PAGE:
When finding a studio to develop a videogame based on Thor, with all the Norse mythology associated with the God of Thunder, you'd might as well go with a developer with some experience in classical mythlogy. As a publisher, Sega went with Rise of the Argonauts studio Liquid Entertainment. What we get--aside from an original story separate from the film--is what appears to be a robust action game in the same vein as a certain "warring god" Sony made a lot of money off last year.
Thor: God of Thunder also has much in common with games like Darksiders, where the camera isn't fixed. It is just as well since control of the camera is extremely helpful in the myriad encounters with enemies larger than Thor. While the demo I played offered five sections, the lack of any kind of exploratory section was a curious omission. Instead, four sections were focused on boss fights and the fifth area was mostly on-rails. This latter section featured a giant pulling a boat through a swamp, a boat commandeered by Thor, as he used his hammer throws to take out hostile natives and blow up their homes. It was unclear what they did to rub Thor the wrong way, but we’re pretty sure we’ll get an explanation in the retail version of the game (or he could just be a jerk ala his disgruntled god-slaying cousin).
Most monsters don’t appreciate hauling boats for a living, let alone getting mushed with lighting strikes by a tiny blond guy. So sure enough, the next chapter involved a boss fight against that very same disgruntled giant.
After playing through all five sections in just over 40 minutes, there was sense that Thor: God of Thunder would have a moderately high learning curve for players who truly want to master all of Thor's moves and combos. This is hardly a criticism, since you would think that any Norse god would know a multitude of ways to take down unruly trolls and rebellious gods.
Stunning the enemies is the key element in triggering boss fights' quicktime events. Many commands go beyond simple one-button inputs; expect to also mash buttons repeatedly, alternate left-trigger and right-trigger presses, and rotate the analog stick in the midst of a grappling tug-of-war. What’s more, a dazed boss will have multiple body-specific trigger points for the quicktime events, and getting the most spectacular finishes involve executing those events successfully. Many of these executions are fittingly over the top, much like the God of War titles that clearly influenced this game. Those who aren’t attuned to the reactionary demands of this gameplay style do stand a chance at overcoming bosses with constant blows to the ankles, though just be ready to switch to defensive stances a lot with Thor’s trademark spinning-hammer-as-shield move.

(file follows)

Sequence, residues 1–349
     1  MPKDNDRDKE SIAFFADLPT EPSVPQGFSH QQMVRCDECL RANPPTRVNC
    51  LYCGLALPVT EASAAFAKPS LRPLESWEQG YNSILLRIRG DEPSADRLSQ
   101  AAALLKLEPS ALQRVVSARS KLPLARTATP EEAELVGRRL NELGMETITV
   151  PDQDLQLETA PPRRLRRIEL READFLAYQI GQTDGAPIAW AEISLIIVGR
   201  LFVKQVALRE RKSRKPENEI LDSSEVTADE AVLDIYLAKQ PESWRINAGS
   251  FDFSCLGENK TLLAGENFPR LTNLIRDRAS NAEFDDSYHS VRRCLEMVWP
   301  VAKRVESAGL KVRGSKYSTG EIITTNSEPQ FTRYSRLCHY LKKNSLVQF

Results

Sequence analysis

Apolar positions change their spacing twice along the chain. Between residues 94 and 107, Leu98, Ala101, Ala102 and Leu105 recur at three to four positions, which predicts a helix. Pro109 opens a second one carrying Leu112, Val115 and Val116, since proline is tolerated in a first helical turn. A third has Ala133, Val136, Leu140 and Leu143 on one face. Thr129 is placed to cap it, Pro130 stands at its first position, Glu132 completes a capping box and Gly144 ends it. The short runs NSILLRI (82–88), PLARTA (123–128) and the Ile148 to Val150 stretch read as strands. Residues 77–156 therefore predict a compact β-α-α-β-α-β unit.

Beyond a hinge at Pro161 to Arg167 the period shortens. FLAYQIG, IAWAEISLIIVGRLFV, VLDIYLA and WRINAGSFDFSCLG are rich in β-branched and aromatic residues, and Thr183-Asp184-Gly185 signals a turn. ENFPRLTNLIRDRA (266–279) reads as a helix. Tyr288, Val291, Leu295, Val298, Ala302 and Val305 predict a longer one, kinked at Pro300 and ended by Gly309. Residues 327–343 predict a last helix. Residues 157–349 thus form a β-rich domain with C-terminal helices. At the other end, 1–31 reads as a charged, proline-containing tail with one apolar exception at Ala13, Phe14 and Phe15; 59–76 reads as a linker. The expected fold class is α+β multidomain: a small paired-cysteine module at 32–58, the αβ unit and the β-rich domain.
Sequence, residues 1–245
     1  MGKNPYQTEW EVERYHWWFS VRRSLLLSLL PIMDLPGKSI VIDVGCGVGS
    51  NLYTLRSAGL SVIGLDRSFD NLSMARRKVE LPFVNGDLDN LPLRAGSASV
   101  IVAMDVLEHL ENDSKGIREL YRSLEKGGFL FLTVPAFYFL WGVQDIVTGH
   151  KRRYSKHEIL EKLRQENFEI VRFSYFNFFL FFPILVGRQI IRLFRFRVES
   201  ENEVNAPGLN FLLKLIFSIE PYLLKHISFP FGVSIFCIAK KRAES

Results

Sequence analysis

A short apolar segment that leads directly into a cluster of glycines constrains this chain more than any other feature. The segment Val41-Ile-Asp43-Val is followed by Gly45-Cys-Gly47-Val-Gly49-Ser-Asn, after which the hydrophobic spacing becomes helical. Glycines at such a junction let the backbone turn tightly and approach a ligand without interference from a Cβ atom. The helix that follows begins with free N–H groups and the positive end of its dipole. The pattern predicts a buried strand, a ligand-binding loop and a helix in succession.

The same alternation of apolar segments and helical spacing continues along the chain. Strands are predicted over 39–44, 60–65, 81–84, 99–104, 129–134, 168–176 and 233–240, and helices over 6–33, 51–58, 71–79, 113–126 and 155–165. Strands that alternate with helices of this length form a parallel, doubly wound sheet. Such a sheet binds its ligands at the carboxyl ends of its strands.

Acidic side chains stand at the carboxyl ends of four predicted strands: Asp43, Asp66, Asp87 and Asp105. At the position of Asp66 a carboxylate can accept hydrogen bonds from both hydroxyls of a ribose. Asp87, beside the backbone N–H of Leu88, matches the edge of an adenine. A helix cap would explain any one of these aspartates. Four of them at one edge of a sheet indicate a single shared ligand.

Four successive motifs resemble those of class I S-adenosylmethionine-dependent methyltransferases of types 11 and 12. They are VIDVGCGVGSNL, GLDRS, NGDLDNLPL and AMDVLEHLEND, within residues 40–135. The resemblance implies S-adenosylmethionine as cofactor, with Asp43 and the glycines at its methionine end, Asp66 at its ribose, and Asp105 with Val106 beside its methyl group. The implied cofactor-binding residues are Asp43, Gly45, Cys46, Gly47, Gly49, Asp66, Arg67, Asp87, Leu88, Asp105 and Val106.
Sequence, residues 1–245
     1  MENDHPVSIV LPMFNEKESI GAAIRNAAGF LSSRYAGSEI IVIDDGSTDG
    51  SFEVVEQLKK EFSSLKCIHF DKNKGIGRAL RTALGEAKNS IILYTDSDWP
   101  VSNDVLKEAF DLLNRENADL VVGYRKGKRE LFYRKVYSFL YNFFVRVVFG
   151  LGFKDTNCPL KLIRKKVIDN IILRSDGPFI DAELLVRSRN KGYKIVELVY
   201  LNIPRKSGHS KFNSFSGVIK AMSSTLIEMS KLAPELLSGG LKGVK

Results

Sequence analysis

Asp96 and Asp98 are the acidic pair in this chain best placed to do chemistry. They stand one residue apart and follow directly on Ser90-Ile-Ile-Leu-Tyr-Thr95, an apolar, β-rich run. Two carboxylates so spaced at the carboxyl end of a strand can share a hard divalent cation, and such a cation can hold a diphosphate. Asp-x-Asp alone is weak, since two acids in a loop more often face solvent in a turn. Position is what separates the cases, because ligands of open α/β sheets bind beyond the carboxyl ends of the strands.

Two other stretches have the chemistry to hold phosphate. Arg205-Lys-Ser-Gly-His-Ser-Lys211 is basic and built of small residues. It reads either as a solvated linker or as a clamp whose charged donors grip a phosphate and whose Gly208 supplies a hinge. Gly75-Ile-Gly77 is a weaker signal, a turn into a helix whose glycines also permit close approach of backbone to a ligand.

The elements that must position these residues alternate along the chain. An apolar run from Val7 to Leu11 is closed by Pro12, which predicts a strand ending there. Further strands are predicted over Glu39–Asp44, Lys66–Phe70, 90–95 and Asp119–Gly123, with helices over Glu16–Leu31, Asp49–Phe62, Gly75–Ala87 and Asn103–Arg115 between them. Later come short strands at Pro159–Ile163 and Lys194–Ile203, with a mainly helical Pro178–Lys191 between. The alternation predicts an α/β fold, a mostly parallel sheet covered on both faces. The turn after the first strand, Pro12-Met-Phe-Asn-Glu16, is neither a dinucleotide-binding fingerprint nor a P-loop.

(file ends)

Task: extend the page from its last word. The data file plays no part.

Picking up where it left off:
Aside from the aforementioned swamp, the rest of the environments presented involve more fantastical settings, not unlike Thor’s stage in Marvel Vs. Capcom 3: Fate of Two Worlds. That includes the futuristic architecture we often associate with Marvel’s interpretation of Asgard.
Sega’s use of established studios also led to its developer choices for the non-HD releases of God of Thunder. Red Fly Studio brings its experience from the Wii ports of Star Wars: The Force Unleashed II and Ghostbusters: The Video Game by reimagining the Thor game with a visual style propelled by motion comics, while still keeping the action fundamentals from the Xbox 360 and PlayStation 3 versions. Old school Sega fans might be surprised to learn that this release will even have a Space Harrier-style flight mode.
Yet what really got me excited was the news that Shantae developer WayForward Technologies is handling the DS version. The teams work on Contra 4 made for one of the best games in that series, so it was especially great to hear how many staff members from that project are working on Thor. I caught similarities in the detailed background art and the fluid animation of Thor's moves similar to Contra, though don’t expect his hammer to have spread gun capabilities. The God of Thunder can also attack with his hammer in eight different directions. And while it wasn’t ready to be presented, Sega wanted to add that a 3DS version of Thor: God of Thunder is also in the works.
With the film out in early May, you would be right to assume that God of Thunder will be out at the same time for these platforms. As the Xbox 360 version we played was still a little buggy, we can be sure that Liquid Entertainment is slaving away during this abbreviated polish period, the common burden of many movie-to-game spin-offs.